Hamstrings

Hamstring injuries (HSI) are reported as one of the most common injuries in football. It is even stated that Hamstring injury rates are increasing in elite football. The long head of the biceps femoris is the most common part of the hamstring to be injured. HSI have been shown to effect more than one fifth of elite players during a season. A recent systematic review and meta-analysis has recently investigated the effectiveness of the injury prevention programs that included the nordic hamstring exercise (NHE) on reducing hamstring injury rates while factoring in the athletes workload.

There were two researchers who independently searched for eligible studies from earliest available research through to December 2015 and found 3242 articles that were then filtered down to 5 articles that met the inclusion criteria. The main inclusion criteria were randomized controlled trials or interventional studies on use of an injury prevention program that included the NHE while the primary outcome was hamstring injury rate.

The results demonstrated strong evidence that training programs that incorporated the NHE decreased the rate of HSI by up to 51% in the long term compared to the usual warm-up or training programs.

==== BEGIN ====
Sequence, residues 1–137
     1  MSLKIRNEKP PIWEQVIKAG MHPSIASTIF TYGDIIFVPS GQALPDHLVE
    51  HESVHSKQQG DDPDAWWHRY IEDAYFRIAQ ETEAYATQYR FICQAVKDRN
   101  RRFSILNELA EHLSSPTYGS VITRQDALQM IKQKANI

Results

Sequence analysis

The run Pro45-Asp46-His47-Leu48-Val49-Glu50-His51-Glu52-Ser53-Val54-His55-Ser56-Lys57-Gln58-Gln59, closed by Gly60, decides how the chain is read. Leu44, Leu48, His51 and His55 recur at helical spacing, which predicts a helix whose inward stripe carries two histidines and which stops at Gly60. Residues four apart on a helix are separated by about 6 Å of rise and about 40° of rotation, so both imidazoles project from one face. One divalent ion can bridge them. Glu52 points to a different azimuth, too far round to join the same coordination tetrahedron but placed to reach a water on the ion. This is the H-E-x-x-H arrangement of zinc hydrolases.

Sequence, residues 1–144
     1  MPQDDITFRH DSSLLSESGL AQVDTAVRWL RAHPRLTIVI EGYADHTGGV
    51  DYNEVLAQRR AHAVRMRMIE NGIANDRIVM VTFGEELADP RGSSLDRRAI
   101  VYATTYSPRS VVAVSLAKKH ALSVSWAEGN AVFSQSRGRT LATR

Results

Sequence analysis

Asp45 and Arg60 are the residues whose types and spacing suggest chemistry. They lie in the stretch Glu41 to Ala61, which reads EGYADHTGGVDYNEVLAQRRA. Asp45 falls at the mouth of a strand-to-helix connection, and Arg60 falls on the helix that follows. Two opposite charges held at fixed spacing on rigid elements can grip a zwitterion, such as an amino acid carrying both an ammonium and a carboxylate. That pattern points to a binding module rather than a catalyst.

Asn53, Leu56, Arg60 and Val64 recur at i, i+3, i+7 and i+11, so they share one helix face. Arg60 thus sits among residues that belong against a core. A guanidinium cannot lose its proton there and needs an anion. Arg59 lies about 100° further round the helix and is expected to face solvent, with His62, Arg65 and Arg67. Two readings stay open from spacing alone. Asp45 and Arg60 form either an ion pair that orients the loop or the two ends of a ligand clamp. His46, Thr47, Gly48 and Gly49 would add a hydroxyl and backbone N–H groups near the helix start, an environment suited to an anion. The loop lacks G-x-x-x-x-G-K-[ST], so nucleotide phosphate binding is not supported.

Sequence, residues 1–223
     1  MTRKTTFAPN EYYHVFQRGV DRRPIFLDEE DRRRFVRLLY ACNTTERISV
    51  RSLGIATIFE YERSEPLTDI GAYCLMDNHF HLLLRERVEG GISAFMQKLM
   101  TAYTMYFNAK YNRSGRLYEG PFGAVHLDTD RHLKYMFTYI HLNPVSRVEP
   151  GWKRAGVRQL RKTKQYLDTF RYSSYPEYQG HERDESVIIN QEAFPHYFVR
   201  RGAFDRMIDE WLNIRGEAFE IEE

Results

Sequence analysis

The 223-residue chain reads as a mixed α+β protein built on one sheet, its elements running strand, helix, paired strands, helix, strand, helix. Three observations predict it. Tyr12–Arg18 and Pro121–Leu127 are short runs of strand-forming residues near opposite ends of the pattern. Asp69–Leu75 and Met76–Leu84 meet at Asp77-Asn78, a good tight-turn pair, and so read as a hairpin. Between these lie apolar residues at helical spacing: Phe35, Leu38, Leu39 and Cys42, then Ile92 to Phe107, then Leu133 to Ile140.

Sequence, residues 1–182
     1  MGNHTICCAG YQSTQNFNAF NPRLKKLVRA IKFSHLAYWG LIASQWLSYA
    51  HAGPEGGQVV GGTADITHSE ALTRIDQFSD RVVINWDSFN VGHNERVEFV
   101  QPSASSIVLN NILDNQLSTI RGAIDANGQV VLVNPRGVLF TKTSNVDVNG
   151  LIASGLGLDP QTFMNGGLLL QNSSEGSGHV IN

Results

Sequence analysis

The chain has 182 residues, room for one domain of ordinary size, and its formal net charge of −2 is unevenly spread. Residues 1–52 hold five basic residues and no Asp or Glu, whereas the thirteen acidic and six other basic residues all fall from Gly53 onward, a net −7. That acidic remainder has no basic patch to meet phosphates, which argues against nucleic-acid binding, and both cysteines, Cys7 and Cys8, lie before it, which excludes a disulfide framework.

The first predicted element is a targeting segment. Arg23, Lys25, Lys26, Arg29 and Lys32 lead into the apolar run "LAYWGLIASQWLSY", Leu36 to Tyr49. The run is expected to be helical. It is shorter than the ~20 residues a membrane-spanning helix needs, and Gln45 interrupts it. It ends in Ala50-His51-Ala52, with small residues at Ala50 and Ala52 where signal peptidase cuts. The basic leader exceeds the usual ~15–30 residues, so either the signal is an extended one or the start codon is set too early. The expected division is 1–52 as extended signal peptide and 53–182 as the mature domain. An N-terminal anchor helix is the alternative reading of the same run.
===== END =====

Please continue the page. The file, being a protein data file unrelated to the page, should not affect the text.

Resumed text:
Therefore, it’s safe to suggest that from the current evidence available that NHE alone or used in combination with other injury prevention programs is safe and effective way for preventing HSI.

 

Please call your Chiropractor at AHS on 9948 2826 or visit our clinic at 9/470 Sydney Rd in Balgowlah servicing the surrounding suburbs of Allambie, Balgowlah Heights, Seaforth, Fairlight and Manly on the Northern Beaches.

References

Al Attar WS, Soomr N, Sinclair P.  Effect of Injury Prevention Programs that Include the Nordic Hamstring Exercise on Hamstring Injury Rates in Soccer Players: A Systematic Review and Meta-Analysis. Sports Med (2016). doi:10.1007/s40279-016-0638-2

Ekstrand J, Waldén M, Hägglund M. Hamstring injuries have increased by 4% annually in men’s professional football, since 2001: a 13-year longitudinal analysis of the UEFA Elite Club injury study. Br J Sports Med 2016;50:731-7.